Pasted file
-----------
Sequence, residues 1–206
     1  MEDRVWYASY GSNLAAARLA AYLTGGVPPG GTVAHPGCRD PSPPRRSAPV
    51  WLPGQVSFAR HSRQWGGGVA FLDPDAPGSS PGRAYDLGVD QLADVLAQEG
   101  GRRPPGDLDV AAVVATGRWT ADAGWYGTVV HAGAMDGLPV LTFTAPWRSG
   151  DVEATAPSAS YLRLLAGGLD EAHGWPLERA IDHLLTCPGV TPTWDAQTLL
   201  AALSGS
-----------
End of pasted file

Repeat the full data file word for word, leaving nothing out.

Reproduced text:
Sequence, residues 1–206
     1  MEDRVWYASY GSNLAAARLA AYLTGGVPPG GTVAHPGCRD PSPPRRSAPV
    51  WLPGQVSFAR HSRQWGGGVA FLDPDAPGSS PGRAYDLGVD QLADVLAQEG
   101  GRRPPGDLDV AAVVATGRWT ADAGWYGTVV HAGAMDGLPV LTFTAPWRSG
   151  DVEATAPSAS YLRLLAGGLD EAHGWPLERA IDHLLTCPGV TPTWDAQTLL
   201  AALSGS